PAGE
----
ENERGY & ENVIRONMENT REPORT
December 30, 2021
2:33 p.m. ET
Germany has announced that it will close its remaining six nuclear power plants by the end of 2022, ending its reliance on renewable energy sources altogether.
“For the energy sector in Germany, denuclearization is the final step,” said Kerstin Andreae, head of the country’s largest energy industry association. told Reuters.
Three of the nuclear reactors will close on Friday while the other three will close after a year, according to Reuters. The German government accelerated the phase-out of nuclear power after the Fukushima disaster in Japan in 2011, a disaster for which the International Atomic Energy Agency has rated the highest accident severity.
In 2020, nuclear power accounts for about 6% of Germany’s total energy supply and produces more than 11% of the country’s electricity, data from the International Energy Agency (IEA) shows. By comparison, nuclear power accounted for more than 13% of the country’s total energy supply and produced nearly 30% of electricity in 2000. (RELATED: Nuclear could be the ticket to a carbon-free future. Why do environmentalists hate it?)
“Each country pursues its own strategy to combat man-made climate change,” said German Chancellor Olaf Scholz speak on December 10 when asked if nuclear power is sustainable, Reuters reported. “What unites us is that we recognize that responsibility and are ambitious.”
Reuters news agency reported at the time that Sholz had explicitly stopped labeling nuclear as a renewable energy source. Nuclear power does not produce any emissions and considered clean of the United States government.
Germany keep pursuing an energy policy that would make renewables account for 80% of electricity demand by 2030.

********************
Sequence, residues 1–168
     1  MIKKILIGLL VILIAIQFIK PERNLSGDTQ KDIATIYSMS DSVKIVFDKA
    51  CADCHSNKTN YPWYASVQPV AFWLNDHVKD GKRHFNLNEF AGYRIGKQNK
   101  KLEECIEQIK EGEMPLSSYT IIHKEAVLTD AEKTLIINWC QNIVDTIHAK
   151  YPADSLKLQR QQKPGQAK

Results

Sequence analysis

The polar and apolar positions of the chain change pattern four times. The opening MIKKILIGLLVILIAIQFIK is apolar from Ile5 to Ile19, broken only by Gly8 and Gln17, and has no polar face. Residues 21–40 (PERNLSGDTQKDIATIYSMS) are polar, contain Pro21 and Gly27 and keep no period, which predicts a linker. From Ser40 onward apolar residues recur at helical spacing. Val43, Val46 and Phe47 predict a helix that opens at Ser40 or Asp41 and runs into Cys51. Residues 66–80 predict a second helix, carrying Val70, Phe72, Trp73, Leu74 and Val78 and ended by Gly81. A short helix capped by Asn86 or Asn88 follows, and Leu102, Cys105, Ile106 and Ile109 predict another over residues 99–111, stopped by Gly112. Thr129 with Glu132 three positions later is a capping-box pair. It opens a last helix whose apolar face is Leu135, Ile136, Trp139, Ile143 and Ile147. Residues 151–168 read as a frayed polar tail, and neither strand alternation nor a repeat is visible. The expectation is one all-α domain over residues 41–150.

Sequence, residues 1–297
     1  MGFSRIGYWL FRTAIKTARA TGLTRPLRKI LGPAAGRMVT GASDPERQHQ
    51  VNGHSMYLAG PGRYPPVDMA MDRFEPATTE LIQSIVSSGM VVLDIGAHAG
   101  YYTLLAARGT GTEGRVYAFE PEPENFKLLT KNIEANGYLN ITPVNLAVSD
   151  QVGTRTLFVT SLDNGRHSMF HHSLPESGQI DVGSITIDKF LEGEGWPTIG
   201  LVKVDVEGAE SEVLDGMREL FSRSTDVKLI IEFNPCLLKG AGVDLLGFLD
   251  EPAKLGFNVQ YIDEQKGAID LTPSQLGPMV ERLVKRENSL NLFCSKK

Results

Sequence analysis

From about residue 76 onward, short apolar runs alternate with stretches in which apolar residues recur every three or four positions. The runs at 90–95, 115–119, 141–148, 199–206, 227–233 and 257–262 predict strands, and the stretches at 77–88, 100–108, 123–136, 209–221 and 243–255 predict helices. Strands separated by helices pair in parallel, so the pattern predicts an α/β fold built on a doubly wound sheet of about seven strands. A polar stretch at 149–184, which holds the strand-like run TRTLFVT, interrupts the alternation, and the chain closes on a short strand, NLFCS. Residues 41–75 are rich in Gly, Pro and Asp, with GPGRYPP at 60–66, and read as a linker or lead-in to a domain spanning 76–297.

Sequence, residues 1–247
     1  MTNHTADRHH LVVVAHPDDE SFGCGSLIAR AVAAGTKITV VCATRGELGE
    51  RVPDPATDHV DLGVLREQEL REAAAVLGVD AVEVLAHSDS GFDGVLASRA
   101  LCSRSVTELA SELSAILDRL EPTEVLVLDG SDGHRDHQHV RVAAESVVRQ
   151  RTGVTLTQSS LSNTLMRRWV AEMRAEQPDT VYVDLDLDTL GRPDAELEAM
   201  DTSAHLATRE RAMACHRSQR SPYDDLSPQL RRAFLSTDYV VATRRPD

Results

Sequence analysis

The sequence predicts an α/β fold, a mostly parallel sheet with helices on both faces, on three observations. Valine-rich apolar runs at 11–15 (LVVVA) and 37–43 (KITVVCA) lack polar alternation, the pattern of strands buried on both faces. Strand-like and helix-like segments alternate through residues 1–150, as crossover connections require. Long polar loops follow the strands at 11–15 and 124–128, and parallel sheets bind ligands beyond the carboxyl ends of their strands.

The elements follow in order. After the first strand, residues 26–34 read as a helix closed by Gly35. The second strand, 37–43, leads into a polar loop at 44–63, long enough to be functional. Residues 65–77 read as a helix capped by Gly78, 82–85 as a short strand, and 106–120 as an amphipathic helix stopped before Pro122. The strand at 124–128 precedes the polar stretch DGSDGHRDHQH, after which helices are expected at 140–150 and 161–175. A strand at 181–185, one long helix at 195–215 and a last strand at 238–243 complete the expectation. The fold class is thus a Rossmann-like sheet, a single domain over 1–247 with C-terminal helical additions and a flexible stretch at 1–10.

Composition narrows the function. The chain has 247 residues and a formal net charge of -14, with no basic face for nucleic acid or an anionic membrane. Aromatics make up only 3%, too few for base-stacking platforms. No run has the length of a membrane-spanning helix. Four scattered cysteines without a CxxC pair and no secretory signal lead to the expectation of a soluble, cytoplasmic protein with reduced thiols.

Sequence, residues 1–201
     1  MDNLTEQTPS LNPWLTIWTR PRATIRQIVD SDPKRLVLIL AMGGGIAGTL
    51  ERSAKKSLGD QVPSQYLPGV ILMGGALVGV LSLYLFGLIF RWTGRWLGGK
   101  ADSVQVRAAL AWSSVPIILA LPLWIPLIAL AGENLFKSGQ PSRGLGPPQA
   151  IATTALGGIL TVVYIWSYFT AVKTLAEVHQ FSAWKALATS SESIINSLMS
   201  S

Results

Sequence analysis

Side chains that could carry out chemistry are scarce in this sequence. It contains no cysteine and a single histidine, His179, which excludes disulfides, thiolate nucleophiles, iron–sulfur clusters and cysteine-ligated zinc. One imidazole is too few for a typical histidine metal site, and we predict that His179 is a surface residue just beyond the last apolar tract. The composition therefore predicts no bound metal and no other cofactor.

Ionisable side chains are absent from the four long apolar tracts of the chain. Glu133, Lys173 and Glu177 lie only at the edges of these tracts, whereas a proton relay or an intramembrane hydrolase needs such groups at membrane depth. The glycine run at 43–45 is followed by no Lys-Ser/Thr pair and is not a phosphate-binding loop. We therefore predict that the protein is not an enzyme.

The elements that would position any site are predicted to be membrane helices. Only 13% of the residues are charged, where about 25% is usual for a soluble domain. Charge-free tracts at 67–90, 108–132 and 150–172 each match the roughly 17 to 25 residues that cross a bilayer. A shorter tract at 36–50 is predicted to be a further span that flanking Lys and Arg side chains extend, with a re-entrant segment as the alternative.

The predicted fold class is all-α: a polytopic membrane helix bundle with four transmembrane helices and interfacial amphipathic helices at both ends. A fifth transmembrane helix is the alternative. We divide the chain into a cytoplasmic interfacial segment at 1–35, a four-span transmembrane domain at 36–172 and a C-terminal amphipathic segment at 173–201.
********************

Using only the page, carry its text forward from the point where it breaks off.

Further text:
However, the move to close all nuclear plants in Germany is expected to make the country more dependent on fossil fuels, follow to the Center for the Promotion of Sustainable Development. It would also make Germany more dependent on natural gas imports from Russia, which has been accused of manipulating supplies for geopolitical purposes.
Finally, the country plans to generate most of its electricity from solar and wind in the future, two renewable energy sources already established. be censured as unreliable and intermittent. Europe is currently in the midst of an energy crisis largely due to the wind blows at less than capacity, forcing more reliance on natural gas and increasing energy bills. (RELATED: ‘Can’t Power The World With Just Solar Panels And Wind Turbines’: Bipartisan Lawmakers Advocate for Nuclear Power Boost)
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Rory McCarthy, senior analyst at energy research firm Wood Mackenzie, told Reuters last week: “If we have high winds or moderate winds during that time period, we’re not going to see rallies. This price”.
According to the IEA, wind produces about 23% of Germany’s electricity, and solar about 9% by 2020.